This work-in-progress lists all currently known appearances, drawn from a variety of sources.
Compiled by Simon Montgomery, © 2001-2017.
Special thanks to Joel Bernstein for his contributions and assistance.
Latest Update: October 12, 2017
Please send comments, corrections or additions to: firstname.lastname@example.org
Joni was awarded an honorary “doctorate of music” degree,
the first such award she's been given in Canada. The presentation
at the school's fall convocation followed a day-long academic
symposium in her honour.
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Michael: It was a crisp and sunny day that greeted me as I walked through McGill's main campus in downtown Montreal. McGill is nestled at the base of Mount Royal, which provides a stunning backdrop in its fall splendour. Redpath Hall looks like it was once used as a convocation hall. Picture a large hall, not unlike an Anglican church, with high ceilings and wooden floors, bathed in light from two-storey bay windows made of leaded glass, the walls crammed with paintings of former chancellors.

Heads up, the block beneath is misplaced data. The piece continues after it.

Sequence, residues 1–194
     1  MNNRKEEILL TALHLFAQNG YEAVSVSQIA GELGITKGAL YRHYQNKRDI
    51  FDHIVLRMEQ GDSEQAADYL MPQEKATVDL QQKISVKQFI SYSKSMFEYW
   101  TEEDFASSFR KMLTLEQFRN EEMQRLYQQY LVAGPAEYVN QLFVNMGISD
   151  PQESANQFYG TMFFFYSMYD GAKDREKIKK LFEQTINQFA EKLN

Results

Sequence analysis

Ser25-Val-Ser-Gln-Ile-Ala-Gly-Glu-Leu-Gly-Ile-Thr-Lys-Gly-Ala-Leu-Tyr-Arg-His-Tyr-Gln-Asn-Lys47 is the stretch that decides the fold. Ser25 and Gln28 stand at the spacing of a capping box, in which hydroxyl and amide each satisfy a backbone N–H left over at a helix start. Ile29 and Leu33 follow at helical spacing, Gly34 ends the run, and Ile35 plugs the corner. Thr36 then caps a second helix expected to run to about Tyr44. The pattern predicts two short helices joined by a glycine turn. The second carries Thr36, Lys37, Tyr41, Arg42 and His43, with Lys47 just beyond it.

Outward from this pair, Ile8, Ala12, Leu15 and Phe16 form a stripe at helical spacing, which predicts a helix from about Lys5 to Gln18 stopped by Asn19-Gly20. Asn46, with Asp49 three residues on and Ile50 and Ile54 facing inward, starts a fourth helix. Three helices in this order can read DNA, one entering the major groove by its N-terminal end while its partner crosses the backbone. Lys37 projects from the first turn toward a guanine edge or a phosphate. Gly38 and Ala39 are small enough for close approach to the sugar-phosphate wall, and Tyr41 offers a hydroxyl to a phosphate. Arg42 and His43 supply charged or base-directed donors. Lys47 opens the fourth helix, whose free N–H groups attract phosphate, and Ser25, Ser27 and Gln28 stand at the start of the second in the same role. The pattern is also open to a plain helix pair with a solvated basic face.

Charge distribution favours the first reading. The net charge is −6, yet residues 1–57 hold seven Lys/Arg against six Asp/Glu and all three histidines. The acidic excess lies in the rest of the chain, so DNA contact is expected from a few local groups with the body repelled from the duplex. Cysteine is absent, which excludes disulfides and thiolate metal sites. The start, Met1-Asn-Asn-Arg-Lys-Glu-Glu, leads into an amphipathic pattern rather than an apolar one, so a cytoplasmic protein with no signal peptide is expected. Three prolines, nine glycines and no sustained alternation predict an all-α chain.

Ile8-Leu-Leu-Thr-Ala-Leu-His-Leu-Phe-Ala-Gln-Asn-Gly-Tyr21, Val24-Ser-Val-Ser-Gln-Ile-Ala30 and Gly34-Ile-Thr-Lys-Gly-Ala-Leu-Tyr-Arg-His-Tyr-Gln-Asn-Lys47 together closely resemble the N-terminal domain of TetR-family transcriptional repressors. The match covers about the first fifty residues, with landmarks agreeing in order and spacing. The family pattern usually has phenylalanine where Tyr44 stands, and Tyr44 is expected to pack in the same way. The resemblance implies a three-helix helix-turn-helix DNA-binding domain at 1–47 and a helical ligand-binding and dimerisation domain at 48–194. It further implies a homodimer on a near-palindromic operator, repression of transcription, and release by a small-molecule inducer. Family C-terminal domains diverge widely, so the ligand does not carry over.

The symposium was put together by two professors from the music department, Lloyd 'Chip' Whitesell and David Brackett. The symposium was organized for the occasion of an honorary doctorate being awarded to Joni later that evening. The event was made possible through contacts with Howie Klein, former president of reprise records, and Joni's agents.
There were about 70-100 people in attendance at any given time. The audience members varied from students to boomers, the usual Joni crowd. There were three speakers in the morning and five in the afternoon.